At High Performing Culture, we understand that the creation and development of an extraordinary culture requires a couple of key ingredients. We must first define those behaviors (Fundamentals), that if practiced regularly by our team members, would make us stand out above our competitors. Then, we must figure out ways to make these behaviors stick through continual coaching and teaching. We’ve seen this process work with close to 300 organizations across the country. An important element of effective coaching and teaching, however, is understanding just how behavior change really works. It would be easy if we could just tell someone what we wanted and presto!, they immediately started to behave that way. Unfortunately, that’s not how real behavior change works.
A fortuitous cup of coffee
A few weeks ago, I happened to spot an article about an internationally recognized firm, ProChange Behavior Systems. The piece highlighted some of the work the firm was doing around behavior change. The firm consists of a group of incredibly bright PHD’s. They provide scientifically validated evidence-based tools, technology and research to firms and organizations looking to promote behavior change. Put more simply, they have figured out the science behind how intentional behavior change really works and they help clients implement tools to successfully drive these changes. Their founder, Dr. James Prochaska, helped discover what became one of the world’s most respected and widely used models that defines the process all successful behavior change follows. The model is called The Transtheoretical Model (more on it in a bit). Dr. Prochaska happens to have taught at the University of Rhode Island (my alma mater- go Rams!). The firm happens to be headquartered right here in little Rhode Island. This is important to this story because once I learned that the firm was just down the road, I invited their co-President, Sara Johnson for coffee. I wanted to learn more. Sara accepted my offer.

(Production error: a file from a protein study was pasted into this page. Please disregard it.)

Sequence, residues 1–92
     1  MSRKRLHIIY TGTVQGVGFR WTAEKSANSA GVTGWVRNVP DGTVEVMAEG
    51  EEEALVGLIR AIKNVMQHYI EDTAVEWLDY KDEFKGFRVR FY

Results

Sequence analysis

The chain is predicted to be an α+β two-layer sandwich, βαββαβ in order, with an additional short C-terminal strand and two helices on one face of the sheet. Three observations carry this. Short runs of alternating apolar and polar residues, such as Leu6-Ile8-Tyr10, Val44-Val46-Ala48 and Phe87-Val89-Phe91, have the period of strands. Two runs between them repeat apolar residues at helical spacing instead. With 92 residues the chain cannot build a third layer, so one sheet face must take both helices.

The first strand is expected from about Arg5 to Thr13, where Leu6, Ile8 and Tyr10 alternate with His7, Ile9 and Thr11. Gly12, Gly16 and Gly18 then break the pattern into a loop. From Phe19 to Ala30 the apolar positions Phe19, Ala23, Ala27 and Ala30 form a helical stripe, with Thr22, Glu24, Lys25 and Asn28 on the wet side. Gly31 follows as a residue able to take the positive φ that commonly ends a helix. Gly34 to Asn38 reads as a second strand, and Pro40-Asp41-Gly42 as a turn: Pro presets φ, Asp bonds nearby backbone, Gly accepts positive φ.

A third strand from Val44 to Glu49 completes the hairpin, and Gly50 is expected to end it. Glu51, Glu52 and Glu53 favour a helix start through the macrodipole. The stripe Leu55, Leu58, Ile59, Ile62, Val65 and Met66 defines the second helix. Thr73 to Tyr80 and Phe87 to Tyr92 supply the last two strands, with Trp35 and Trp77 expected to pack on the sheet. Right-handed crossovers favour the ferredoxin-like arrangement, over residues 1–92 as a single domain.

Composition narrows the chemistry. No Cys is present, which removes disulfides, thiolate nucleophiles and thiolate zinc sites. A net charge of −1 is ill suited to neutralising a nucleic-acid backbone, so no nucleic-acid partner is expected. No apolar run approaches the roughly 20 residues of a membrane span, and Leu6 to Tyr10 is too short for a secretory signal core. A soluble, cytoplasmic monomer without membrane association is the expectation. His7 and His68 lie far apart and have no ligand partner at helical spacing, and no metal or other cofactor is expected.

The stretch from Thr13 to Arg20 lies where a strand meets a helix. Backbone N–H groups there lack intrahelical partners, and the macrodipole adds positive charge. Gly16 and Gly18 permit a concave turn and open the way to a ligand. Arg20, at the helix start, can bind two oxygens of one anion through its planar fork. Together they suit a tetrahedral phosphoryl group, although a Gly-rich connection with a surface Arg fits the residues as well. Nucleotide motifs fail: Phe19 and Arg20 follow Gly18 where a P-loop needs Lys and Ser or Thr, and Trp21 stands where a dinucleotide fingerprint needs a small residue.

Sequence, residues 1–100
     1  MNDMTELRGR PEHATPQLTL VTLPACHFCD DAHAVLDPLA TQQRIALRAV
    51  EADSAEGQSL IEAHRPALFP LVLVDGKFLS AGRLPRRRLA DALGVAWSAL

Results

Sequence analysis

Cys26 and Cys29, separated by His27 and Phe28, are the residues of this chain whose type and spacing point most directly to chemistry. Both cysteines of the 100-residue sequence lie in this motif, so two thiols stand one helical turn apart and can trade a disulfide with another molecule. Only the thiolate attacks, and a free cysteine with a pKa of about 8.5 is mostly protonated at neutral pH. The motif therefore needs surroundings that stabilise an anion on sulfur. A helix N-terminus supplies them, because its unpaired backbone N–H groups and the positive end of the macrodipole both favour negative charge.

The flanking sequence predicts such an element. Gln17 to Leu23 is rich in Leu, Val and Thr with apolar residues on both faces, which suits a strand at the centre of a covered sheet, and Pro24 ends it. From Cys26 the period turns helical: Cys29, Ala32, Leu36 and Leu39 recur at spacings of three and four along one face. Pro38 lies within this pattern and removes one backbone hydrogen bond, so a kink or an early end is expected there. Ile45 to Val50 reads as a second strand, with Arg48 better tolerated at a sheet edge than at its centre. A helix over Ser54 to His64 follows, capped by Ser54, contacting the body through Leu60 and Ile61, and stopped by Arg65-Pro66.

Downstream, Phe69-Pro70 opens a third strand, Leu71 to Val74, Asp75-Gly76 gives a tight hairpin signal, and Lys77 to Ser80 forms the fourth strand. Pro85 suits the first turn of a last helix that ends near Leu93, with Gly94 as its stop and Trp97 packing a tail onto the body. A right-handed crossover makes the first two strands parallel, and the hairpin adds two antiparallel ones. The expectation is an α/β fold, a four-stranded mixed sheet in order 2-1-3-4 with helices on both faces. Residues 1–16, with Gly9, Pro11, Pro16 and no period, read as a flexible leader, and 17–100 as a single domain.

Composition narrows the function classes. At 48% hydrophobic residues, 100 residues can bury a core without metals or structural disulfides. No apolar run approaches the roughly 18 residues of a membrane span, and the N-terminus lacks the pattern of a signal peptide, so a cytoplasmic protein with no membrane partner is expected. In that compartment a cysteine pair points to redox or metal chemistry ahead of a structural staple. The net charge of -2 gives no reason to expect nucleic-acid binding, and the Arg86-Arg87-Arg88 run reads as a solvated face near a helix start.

How does behavior change really work?
This was the burning question behind my interest in Sara’s organization. Sara was kind enough to provide a thorough explanation of The Transtheoretical Model. She did so in very simple and clear terms (that even I could understand). The model defines six critical stages that anyone successful in changing a behavior must pass through. Here are the stages with very brief explanations of each:
The Six Stages of Change
- In this stage we’re unaware that there is even a need for behavior change (let alone a solution).
- Here, we know we need to change, and we may even know what/how to do it, but we haven’t yet. Sometimes we feel stuck.
- In this stage, most people are ready to take action soon (within the next few weeks).
- This is the most overt stage of behavior modification, where we are actually taking action and beginning to incorporate these behaviors into our everyday lives.
- One of the more challenging stages. This is where one must work to consolidate the gains made in the previous stages.
- The ultimate goal. This is when and where the behavior change is internalized and becomes permanent. It becomes, “just how we do things.”
Why Is This Important For Our Culture?
Having an awareness of the process involved in any successful behavioral change is tremendously important for anyone responsible for managing, coaching, or teaching team members. To expect someone to modify a behavior they have practiced most of their lives with the flip of a switch is unrealistic. Meaningful and permanent change requires time, repetition, and continual coaching and teaching. Having a deeper understanding of the process behind behavioral change can only help in that effort.
If you’d like more information on ProChange, I’d suggest either going to their website, which is www.prochange.com. Or, pick up a copy of Dr. Prochaska’s book, Changing For Good.